Thursday, December 29, 2011

Where does Worldliness Reside?

Over the last few days I've been reading a book that was edited by C. J. Mahaney entitled Worldliness: Resisting the Seduction of a Fallen World (Crossway, Wheaton: 2008). C. J. wrote the opening chapter on the nature, root, and defeat of worldliness, and I've found it to be very helpful and edifying.

He defines worldliness as "loving the values and pursuits of the world that stand opposed to God. More specifically, it is to gratify and exalt oneself to the exclusion of God" (27, emphasis original). From here he goes on to discuss the root of worldliness and points out that some Christians define worldliness as existing outside of us which leads them to construct lists of rules or conservative standards by which to live. But the problem with such lists is that they miss the point. They sometimes rightly identify fruits of worldliness but they fail to get to the root of the problem.

Other Christians, reacting against rule making, throw caution to the wind and, under the guise of freedom in Christ, make room for things that bend our affections away from the glory of him who saved us out of the world.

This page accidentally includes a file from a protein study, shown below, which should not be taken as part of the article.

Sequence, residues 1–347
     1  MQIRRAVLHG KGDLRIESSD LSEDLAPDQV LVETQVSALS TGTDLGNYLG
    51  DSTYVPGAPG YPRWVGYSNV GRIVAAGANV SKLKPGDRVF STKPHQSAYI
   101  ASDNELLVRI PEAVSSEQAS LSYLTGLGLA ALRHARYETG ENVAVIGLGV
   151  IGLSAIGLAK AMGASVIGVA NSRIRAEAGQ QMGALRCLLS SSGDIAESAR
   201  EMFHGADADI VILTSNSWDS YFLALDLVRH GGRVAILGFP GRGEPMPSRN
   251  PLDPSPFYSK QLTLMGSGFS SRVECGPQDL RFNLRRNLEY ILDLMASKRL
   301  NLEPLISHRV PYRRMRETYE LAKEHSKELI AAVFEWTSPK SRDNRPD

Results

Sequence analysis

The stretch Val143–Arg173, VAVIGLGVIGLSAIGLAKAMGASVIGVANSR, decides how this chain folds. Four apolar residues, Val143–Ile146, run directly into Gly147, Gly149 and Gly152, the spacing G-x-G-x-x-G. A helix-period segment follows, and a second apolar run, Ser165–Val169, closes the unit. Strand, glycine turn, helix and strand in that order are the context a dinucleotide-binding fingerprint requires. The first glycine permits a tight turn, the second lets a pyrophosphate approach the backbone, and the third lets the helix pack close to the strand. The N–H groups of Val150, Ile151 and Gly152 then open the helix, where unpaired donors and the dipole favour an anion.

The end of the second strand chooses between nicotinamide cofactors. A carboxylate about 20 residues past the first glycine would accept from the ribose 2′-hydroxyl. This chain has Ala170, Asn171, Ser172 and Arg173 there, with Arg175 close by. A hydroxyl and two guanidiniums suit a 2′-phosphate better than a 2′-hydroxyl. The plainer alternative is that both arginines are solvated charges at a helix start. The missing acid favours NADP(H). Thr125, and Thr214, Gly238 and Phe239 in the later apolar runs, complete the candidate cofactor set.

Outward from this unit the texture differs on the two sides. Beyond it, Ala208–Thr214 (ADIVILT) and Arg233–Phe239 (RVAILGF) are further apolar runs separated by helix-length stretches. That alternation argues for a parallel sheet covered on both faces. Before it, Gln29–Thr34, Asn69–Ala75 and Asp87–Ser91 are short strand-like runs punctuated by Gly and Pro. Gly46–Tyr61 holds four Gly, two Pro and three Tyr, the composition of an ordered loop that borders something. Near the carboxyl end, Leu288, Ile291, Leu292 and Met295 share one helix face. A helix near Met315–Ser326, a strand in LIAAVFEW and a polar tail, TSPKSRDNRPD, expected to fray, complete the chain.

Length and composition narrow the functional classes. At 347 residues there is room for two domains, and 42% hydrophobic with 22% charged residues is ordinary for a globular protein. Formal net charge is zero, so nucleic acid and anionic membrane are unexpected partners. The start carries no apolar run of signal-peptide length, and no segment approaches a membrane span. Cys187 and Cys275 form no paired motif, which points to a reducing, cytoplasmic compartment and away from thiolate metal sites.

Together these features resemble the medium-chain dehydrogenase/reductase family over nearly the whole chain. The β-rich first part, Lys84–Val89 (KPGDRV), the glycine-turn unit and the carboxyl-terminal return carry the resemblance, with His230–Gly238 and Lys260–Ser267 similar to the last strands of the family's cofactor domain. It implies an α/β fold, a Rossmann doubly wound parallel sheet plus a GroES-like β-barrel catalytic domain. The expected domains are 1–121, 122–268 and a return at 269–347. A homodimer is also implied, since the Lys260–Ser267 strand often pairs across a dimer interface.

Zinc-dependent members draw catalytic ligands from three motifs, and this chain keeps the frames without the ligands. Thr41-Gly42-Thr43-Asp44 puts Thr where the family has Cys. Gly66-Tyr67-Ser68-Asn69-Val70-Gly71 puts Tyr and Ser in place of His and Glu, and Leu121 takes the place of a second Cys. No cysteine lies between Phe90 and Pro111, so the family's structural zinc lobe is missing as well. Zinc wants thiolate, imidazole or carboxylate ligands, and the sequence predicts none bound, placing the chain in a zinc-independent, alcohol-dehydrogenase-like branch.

The common mistake of both of these approaches, Mahaney argues, is that they look outside of the person and focus on behavior rather than looking inside of the person and focusing on motives. "[The Apostle] John--inspired by the Holy Spirit--takes the debate to a whole other level.

"He takes it inside.

"For that's where worldliness is. It exists in our hearts. Worldliness does not consist in outward behavior, though our actions can certainly be an evidence of worldliness within. But the real location of worldliness is internal. It resides in our hearts" (29).

What, then, is the antidote to worldliness? Training our minds and affections to fix themselves on Christ. Meditating on the cross and the glory of what he displayed and accomplished there. Filling our lives with the bright sunshine of the Almighty until the moonlight of the world fades away.

This brings to mind Paul's well-known counsel: "Finally, brothers, whatever is true, whatever is honorable, whatever is just, whatever is pure, whatever is lovely, whatever is commendable, if there is any excellence, if there is anything worthy of praise, think about these things" (Philippians 4:8). Amen, Lord, help us to be doers of this Word today.

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